Effective in Various Lakes and Reservoirs
have taken the technique to other Texas lakes, and it is successful everywhere I try it. I took it back to Eagle Mountain Lake. I fish it on Cedar Creek Lake, where I now live. I've fished it in Richland Chambers Reservoir, Lake Limestone, Lake Whitney, Lake Buchanan, Lake Tawakoni and Lake Waco.
Catches Multiple Varieties of Fish
Another enjoyable aspect of this method is that it catches a wide variety of fish. Although I go looking for and catch mostly whites, in with them we routinely catch catfish (blue, channel and opelousas), hybrids, stripers, black bass, crappie, yellow bass, drum and buffalo. For example I've caught many cats above 10 pounds, with the largest (a blue) going 40 and an op going 37. I've caught several buffalo in the 15 to 20 pound range, blacks up to 7 pounds, many 22 to 27 inch hybrids and several 5 to 6 pound drum. All of these were caught on a Mepps spinner while structure fishing for whites on Texas lakes.
Why a Mepps spinner? All I can say is that I've tried many others, and, I consistently did much better with Mepps - but not just any Mepps. They make a variety, and I've tried many of them. The one that works and the one I've used since 1976 is the silver Aglia plain - no skirt (see picture above). White and yellow bladed Mepps also work well. I use sizes 2,3,4 and 5 with 4 being the best all-around size. However, when fish are feeding on small shad, downsizing to a 2 is required. When using a 2 or 3 I use a pinch-on weight up about 13 inches from the bait to get it down to the bottom faster. Two of my fishing buddies separately decided to make copies of the Mepps Aglia, and both gave me some to try. Neither they nor I could reproduce the results we got with the Mepps. I can't explain it - I just accept it and keep a stock of Mepps on hand.
Perfecting the Technique
Over the years I've found that, to optimize results, each time you go fishing you have to experiment with three factors: speed of retrieval, length of retrieval before stopping and letting it fall back to bottom, and angle of retrieval, i. e. more lateral or vertical on the retrieve. Most of the time it doesn't matter - just start it up from the bottom and they hit it. At other times they want a very slow retrieval and will not follow it up more than a foot or two from the bottom. Sometimes burning it up fast on a long vertical retrieve works best. Then again, sometimes they want it pulled almost sideways along the bottom. When the fish are finicky, I'll make long casts and work the Mepps back to the boat using a combination of these variations until I can tell which gets the most strikes.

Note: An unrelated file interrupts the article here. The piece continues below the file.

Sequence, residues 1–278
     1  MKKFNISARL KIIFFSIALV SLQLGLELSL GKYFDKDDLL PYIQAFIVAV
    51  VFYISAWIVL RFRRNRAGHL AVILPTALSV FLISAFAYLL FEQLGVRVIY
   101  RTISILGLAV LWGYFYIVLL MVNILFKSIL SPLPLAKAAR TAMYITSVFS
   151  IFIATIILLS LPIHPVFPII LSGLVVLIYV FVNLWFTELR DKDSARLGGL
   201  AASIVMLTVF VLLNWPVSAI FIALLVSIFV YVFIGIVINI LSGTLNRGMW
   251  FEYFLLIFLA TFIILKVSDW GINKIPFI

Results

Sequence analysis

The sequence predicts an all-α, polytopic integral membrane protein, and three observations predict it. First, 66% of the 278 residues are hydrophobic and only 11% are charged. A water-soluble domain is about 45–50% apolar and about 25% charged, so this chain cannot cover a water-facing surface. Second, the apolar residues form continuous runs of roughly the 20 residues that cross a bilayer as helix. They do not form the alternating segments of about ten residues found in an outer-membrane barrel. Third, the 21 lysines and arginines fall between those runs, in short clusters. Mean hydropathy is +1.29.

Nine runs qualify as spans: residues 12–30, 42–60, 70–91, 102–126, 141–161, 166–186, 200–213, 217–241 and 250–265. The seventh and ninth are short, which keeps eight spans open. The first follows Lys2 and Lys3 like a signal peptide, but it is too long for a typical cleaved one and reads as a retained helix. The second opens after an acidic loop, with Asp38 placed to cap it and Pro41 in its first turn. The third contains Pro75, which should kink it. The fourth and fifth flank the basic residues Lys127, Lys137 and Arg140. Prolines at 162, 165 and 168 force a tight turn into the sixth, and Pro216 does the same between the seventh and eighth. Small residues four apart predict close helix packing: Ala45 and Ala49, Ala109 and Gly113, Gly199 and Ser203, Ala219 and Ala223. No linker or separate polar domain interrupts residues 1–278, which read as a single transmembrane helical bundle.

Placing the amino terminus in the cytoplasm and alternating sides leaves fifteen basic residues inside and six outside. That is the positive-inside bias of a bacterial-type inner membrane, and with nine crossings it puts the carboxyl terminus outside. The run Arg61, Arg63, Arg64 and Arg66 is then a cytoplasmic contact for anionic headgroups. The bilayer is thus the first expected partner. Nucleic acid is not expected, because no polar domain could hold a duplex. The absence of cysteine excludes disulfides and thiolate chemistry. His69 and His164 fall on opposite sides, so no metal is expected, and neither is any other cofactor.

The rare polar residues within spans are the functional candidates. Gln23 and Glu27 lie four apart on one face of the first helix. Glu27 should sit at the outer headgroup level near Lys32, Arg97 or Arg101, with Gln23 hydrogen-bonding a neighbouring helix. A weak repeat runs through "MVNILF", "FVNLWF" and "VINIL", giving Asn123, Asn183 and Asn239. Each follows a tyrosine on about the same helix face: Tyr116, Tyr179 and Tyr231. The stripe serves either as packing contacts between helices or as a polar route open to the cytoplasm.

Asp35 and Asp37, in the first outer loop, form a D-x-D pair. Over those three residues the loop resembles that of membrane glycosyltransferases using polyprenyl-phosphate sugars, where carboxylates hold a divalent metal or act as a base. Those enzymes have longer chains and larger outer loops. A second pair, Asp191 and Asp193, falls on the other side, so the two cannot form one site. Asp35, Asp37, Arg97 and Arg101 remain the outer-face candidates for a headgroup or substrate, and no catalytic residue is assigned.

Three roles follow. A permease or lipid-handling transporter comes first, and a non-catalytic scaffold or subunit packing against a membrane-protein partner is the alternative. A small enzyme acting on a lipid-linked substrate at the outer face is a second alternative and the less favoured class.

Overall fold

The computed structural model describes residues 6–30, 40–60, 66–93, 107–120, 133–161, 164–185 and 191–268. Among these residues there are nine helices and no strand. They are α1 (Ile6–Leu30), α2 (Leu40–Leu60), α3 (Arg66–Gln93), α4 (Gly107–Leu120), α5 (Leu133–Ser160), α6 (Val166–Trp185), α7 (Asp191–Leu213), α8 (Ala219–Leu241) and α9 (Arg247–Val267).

Just how productive can this technique be? Last month (May 2009) two fishing buddies and I, mostly fishing alone but sometimes together or with one or two guests, caught over 2000 including over 1700 whites, almost 80 keeper hybrids (most over 20 inches) and about 100 catfish. On one afternoon outing one buddy fishing alone caught 84 including 18 hybrids 21 to 24 inches. On another afternoon by himself he caught 140 including 133 whites and 3 keeper hybrids (Note: we do mostly catch and release). In these two examples all the fish were caught bottom fishing using the Mepps technique on humps that were 20 or more feet deep.
Testimonials from some who have learned the technique
"I started using Mepps spinners with Dennis over 30 years ago. Since that time, I have only used Mepps. My tackle box is a small plastic box with spare #3 and #4 Mepps Aglia, plain, chrome spinners and split shots. The precision of the Mepps makes the retrieve much easier than any other bait." Randall Lovelace (Lake Livingston for 35 years)
"My big brother, Dennis Christian, introduced our family to the Mepps Aglia #2 spinner about 30 years ago. Prior to that, we had been catching most of the white bass on slabs and spoons. But the Mepps spinners -- numbers 2, 3 and 4 -- along with the technique taught to us by Dennis, have yielded much success, no matter in which of the Texas lakes we are fishing." Dee Potcinske
"My experience using a Mepps Spinner began about 9 years ago when Dennis introduced me to the bait and his technique for using it to catch White Bass. The technique ... has resulted in me catching many hundreds of fish more than I had previously caught using other baits and other techniques...it also allows a person to catch almost every other species of fish such as Hybrid White Bass, Yellow Bass, Black Bass, Crappie, Catfish, Drum and an occasional Carp. ...recommend this bait and technique to anyone who likes to fish at any time of the day." Ed DeLoach
"I learned this from Dennis 2 years ago and I now use it exclusively. I always caught sand bass before (slabs) BUT I have caught twice as many using this method. I am now making baits to be used in this system. I am convinced that it is the system more than the bait that gets the fish." Leroy Carroll
Although I have read where the Mepps Aglia is well known for being effective for whites during spring spawns in the moving waters of creeks and rivers, using them for bottom fishing on structure out on the open water on lakes is apparently a truly unique technique. In my 30+ years of using the Mepps technique, I have only encountered one other person out on the lakes using it who, so far as I knew, was not someone my friends, family or I had taught. I asked him where he learned of the technique and he gave me the name of one of my work buddies whom I had taught a few years before.
Today, I am retired and enjoying outstanding fishing on Cedar Creek Lake. I derive a great deal of satisfaction teaching others - like my grandsons and neighbors - how to use the Mepps technique. It is such an effective and easy-to-use technique, I wanted to relate it to others who love to fish while I am still able - hence, this article. I hope you try it and join me in experiencing the pure joy of catching lots and lots of fish!
disclosure Statement: As of this writing the author is not and has never been associated either directly or indirectly with the company that makes Mepps. Neither does the author know anyone who works for the company nor has he ever had any communications with the company or any of its representatives.